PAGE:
Fired BPD fiscal chief indicted for federal wire fraud

Published on: June 30, 2022 2:44 PM EDT

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The former head of fiscal services for the Baltimore Police Department, who was fired in April after officials realized he was a person of interest in a homicide investigation, has been federally indicted for wire fraud and money laundering related to COVID relief loans.

Dana Hayes, 37, was arrested Wednesday night after a federal grand jury handed up the indictment last week. In addition to COVID relief fraud, Hayes is also charged with stealing the identity of a tax preparer.

Hayes incorporated an investment company in 2015 that never employed anyone, the indictment says. But from June 2020 through March 2021, Hayes sought COVID-19 Economic Injury Disaster Loans, saying he had multiple employees and tens of thousands of dollars a month in expenses, prosecutors say.

He was eventually given a $15,000 grant, which was immediately transferred from the company account to his personal savings account, the indictment charges. He also allegedly forged an IRS form claiming he’d paid $60,000 in wages in 2019 and received $35,000 in Paycheck Protection Program (PPP) loans, prosecutors say.

Hayes received attention this spring when he was fired after less than two weeks of employment as chief of fiscal services for the Baltimore Police Department. He had bumped into a homicide detective in the headquarters elevator — the same detective who for a year had been pursuing Hayes as a suspect in the killing of Hayes’ stepfather.

Hayes told The Baltimore Sun that the lead homicide detective told him: “You’re going to fall sooner or later.”

In addition to being a person of interest in the killing, Police Commissioner Michael Harrison said Hayes had a prior gun charge and was on the city’s gun offender registry. Hayes said he was given probation before judgment in the gun case, which was expunged after he completed probation. He said he Harrison should not have discussed it publicly.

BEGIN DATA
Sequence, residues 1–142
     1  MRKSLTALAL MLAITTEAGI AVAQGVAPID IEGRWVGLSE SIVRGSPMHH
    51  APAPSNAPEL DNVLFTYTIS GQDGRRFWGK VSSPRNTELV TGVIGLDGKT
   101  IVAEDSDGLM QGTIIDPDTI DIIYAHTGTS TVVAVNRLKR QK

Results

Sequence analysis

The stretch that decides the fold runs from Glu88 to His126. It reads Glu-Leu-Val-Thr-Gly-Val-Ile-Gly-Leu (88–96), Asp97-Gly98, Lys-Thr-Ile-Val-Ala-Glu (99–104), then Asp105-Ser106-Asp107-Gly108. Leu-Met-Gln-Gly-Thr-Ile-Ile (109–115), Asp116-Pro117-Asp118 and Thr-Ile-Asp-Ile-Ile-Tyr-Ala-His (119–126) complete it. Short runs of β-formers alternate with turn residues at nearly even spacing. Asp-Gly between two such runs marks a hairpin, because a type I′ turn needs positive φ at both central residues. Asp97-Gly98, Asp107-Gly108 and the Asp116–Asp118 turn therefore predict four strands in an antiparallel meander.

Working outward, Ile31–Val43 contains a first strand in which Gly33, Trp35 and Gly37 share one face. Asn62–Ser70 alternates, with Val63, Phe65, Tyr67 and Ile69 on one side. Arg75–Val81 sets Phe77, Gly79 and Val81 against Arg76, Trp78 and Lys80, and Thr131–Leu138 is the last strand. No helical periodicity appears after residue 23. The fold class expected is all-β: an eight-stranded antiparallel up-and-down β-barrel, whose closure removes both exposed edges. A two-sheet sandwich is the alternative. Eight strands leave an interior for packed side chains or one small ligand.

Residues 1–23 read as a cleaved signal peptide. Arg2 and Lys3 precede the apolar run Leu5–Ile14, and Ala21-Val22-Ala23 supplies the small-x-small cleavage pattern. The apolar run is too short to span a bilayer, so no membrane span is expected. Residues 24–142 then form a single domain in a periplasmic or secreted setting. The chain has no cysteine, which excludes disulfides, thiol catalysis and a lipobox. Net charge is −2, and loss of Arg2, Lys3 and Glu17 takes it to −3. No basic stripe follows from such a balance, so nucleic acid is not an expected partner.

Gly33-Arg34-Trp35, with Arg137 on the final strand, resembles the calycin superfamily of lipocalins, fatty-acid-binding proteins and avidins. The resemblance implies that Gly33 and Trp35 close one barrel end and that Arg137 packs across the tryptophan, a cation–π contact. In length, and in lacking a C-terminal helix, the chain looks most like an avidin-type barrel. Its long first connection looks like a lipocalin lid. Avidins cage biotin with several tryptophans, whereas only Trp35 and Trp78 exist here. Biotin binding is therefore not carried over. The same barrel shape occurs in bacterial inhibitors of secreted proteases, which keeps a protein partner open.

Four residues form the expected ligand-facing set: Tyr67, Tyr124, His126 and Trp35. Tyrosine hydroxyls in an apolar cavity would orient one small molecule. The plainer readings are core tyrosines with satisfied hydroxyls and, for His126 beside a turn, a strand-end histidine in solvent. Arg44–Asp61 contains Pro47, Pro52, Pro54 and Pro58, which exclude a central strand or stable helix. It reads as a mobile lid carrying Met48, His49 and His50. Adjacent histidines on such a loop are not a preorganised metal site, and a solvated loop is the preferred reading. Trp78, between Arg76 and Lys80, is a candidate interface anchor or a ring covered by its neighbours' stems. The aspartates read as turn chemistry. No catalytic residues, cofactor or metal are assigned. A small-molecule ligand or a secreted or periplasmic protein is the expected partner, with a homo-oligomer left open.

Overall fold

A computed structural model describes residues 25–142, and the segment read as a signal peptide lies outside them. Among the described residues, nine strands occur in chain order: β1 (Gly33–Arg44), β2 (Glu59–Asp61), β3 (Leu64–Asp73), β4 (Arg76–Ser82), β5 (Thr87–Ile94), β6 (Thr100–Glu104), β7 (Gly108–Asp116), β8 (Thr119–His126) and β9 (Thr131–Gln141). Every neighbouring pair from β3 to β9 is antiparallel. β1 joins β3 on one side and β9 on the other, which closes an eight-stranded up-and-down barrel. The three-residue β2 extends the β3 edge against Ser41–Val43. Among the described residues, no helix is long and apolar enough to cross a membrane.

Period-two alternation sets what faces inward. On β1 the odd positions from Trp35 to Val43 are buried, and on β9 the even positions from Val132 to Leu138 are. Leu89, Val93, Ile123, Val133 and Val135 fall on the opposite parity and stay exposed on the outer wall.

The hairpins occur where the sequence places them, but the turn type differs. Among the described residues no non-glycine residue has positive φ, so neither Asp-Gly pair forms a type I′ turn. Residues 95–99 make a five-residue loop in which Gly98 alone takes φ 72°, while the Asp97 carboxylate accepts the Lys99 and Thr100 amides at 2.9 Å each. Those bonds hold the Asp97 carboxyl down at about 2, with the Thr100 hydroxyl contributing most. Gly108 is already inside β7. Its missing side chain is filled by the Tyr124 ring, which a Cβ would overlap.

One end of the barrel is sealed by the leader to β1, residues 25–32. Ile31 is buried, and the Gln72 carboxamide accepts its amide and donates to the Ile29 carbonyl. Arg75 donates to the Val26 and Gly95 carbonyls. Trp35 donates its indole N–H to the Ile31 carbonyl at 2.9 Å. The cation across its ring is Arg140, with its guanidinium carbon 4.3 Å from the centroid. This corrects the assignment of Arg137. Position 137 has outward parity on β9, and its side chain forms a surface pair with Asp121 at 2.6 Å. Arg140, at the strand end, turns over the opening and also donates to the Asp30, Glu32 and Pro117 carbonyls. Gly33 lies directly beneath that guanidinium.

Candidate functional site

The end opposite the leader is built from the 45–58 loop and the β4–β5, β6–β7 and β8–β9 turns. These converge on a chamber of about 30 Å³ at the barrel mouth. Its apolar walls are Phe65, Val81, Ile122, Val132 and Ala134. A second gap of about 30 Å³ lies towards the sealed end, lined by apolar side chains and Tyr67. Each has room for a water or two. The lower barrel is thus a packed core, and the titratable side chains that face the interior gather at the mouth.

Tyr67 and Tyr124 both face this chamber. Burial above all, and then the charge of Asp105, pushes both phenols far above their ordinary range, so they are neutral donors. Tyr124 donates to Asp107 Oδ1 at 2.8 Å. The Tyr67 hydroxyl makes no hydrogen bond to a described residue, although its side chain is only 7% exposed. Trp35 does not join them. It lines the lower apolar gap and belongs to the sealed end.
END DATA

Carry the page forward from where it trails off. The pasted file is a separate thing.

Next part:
In addition to allegedly misrepresenting the number of his company’s employees to qualify for COVID relief funds, Hayes also lied on related forms about being on probation and said he had never been convicted or placed on parole or probation.

Mayor Brandon Scott ordered a comprehensive review of the civilian hiring process for the Police Department, calling it a “systems failure.” He asked the chief human capital officer, Quinton Herbert, to also submit recommendations to improve policies and procedures.

Jack French, a spokesman for Scott, said the review has been completed and the Police Department was reviewing the findings and preparing a response.

Prior to his brief employment at the Police Department, Hayes worked for two years as a bookkeeper at the nonprofit Strong City, which became embroiled in controversy after grassroots groups that entrusted its money to the organization said their finances were in disarray due to mismanagement. After the controversy surfaced, however, Hayes was recognized by the group with an employee appreciation award in its monthly newsletter.

“Strong City not only has molded me into an elite Accountant, but has inspired me to become a community activist, a stronger person, and most importantly a better father/son/grandson,” Hayes said in the newsletter.

This article has been updated with additional details from the indictment.